The Therapeutic Products Bill, introduced to parliament at the end of 2022, will ultimately replace the Medicines Act 1981. However, as it currently stands, Rare Disorders NZ and a number of other patient advocacy groups, have a number of concerns as it could lead to further barriers to accessing medicines for rare disorders and prevent advocacy to fund new medicines.

You can read about our concerns in our submission to Parliament on the Therapeutic Products Bill here

Rare Disorders NZ, along with 72 other organisations support this open letter to the Government asking them to pause proceeding with the Therapeutic Products Bill due to concerns about the current wording of the Bill. 

Since the protest, a revised second version of the Bill has been released, which addresses some of our concerns, and we’re now in the process of reviewing it to identify any remaining issues which will require further RDNZ advocacy. You can view the revised version of the Bill here.

Supporting the urgent call for newborn screening of SMA

Rare Disorders NZ has been supporting the work by advocacy groups and health professionals to get urgent action on including screening for SMA on the newborn heel prick test, as up until now, no progress has been made to include spinal muscular atrophy in the newborn screening programme, despite Pharmac approving two life-saving therapies for pre-symptomatic treatment of the degenerative disease.

We have written to the Minister of Health requesting that she urgently look into this, and we arranged coverage on RNZ’s Morning Report. We also sent out a media release, which you can read here.

Rare Disorders NZ proposal for a definition of a rare disorder

As we work with Manatū Hauora - the Ministry of Health on the development of a national rare disorder strategy, a central piece of this work is establishing an official definition of what is considered a rare disorder in New Zealand.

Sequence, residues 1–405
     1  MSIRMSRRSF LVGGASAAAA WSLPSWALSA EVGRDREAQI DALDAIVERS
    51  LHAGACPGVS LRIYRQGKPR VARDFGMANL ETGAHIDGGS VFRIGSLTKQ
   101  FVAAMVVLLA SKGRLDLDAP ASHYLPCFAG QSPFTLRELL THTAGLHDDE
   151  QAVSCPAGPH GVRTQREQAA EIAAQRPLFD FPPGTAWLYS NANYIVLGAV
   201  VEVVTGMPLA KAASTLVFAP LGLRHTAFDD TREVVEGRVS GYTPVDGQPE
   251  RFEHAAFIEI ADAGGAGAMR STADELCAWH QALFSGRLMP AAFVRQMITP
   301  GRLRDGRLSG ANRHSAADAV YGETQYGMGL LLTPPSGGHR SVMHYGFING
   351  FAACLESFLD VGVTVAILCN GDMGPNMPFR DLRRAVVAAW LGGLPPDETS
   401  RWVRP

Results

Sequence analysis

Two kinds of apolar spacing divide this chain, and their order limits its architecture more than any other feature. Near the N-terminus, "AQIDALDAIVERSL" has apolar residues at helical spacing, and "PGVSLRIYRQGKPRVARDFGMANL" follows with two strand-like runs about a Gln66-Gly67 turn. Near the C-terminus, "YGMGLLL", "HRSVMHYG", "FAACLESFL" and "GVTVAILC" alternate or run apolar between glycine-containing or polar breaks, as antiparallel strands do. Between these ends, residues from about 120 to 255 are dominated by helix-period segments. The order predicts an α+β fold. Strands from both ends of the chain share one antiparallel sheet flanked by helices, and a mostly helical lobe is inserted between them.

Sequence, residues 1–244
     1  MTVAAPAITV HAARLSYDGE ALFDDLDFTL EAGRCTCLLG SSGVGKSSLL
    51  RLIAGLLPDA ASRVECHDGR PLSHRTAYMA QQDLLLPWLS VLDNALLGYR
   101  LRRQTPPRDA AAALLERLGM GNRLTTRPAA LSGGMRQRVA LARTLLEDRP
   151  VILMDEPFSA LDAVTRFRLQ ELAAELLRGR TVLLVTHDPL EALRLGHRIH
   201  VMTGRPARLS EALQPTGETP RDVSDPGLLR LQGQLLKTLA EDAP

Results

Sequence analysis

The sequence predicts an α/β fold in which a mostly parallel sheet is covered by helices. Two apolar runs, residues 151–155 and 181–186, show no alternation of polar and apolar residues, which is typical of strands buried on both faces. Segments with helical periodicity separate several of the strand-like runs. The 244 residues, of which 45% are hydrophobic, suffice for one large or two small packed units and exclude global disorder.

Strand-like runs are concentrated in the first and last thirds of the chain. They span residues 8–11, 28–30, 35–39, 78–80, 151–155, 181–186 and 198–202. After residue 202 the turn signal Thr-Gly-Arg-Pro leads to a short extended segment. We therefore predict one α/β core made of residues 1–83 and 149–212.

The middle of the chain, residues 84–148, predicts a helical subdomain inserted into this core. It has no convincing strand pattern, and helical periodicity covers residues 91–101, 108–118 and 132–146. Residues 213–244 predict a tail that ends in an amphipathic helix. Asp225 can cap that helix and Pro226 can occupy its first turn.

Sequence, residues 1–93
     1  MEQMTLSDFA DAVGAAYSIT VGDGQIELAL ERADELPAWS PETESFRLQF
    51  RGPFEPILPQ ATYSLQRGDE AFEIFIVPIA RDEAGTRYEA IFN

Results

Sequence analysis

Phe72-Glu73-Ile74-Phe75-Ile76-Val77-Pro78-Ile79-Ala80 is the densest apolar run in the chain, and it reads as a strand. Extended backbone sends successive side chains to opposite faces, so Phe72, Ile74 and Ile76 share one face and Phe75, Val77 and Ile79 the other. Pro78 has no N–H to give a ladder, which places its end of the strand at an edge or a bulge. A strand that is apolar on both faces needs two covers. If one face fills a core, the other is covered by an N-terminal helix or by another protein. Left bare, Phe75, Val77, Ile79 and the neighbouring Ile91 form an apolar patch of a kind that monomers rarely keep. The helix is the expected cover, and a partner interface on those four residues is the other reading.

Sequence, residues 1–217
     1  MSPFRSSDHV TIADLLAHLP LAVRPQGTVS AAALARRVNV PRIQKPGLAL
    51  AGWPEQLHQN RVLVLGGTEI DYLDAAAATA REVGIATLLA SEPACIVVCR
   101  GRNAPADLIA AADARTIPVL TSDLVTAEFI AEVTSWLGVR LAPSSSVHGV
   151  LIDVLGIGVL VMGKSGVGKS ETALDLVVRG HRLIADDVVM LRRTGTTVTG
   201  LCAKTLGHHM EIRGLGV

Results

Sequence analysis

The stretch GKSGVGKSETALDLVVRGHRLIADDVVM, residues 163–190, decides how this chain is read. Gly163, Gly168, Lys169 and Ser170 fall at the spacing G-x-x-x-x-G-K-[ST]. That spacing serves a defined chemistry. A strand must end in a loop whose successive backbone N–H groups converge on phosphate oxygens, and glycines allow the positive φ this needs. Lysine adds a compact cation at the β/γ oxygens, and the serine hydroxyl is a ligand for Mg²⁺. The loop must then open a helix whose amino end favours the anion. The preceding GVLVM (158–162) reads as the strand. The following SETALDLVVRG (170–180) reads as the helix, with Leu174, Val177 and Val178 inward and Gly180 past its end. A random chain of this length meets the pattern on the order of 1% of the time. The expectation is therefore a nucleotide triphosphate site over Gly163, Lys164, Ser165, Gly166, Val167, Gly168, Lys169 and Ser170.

Rare Disorders NZ believes it is imperative that New Zealand adopts the widely held and internationally established definitions; that a rare disorder is defined as affecting fewer than or equal to 1 in 2,000 persons, and that ultra-rare disorders are defined as affecting fewer than or equal to 1 in 50,000 persons. 

By using these definitions, not only will they help us in our quest to capture data and measure the cost of rare disorders on the health system and wider society, but they enable us to align internationally, which will be beneficial in international collaboration, inclusion in research and in bringing coherency and comparability to our practices and policies on the international stage.

Rare Disorders NZ has submitted to the Ministry of Health (Manatū Hauora) our proposal for what the definitions should be, which you can read here.

In the media

white printer paper on brown wooden table

Mother accused of medical abuse for seeking help overseas for sick daughter

'Screening at birth could save lives' says mother of child diagnosed with spinal muscular atrophy

James interviewed for Newstalk ZM news bulletin, 13 May 2023: ‘Blind spot’ in health system due to lack of data on rare disorders (no link available)

Thank you 

We would like to acknowledge and thank the following sponsors for funding key projects for us over the past two months:

  • Frimley Foundation
  • Nikau Foundation
  • Kiwi Gaming Foundation Ltd
  • Pfizer Australia

How you can help us help those with rare disorders across New Zealand

3 brown hand with white background


We’re a small organisation with a big heart. We rely on grants and donations to continue improving information and support for patients, their whānau and professionals, as well as to advocate for systemic changes to benefit the entire rare disorder community.

By donating to RDNZ, you’re helping us to provide connection, guidance, advice and resources to those impacted by a rare disorder and for 150+ support groups, and enabling us to represent the rare community’s voice at the highest levels to improve healthcare and wellbeing for people and their whānau living with a rare disorder.

To make a one-off donation to Rare Disorders NZ visit our Givealittle page. 

Become a regular donor to Rare Disorders NZ through One Percent Collective 

Join us on social media.

Please connect with us on social media and help us to reach more New Zealanders by sharing our posts!

Please get in touch if you have any questions relating to any articles in this newsletter or if you have anything you wish to discuss.

Kind regards,

The team at Rare Disorders NZ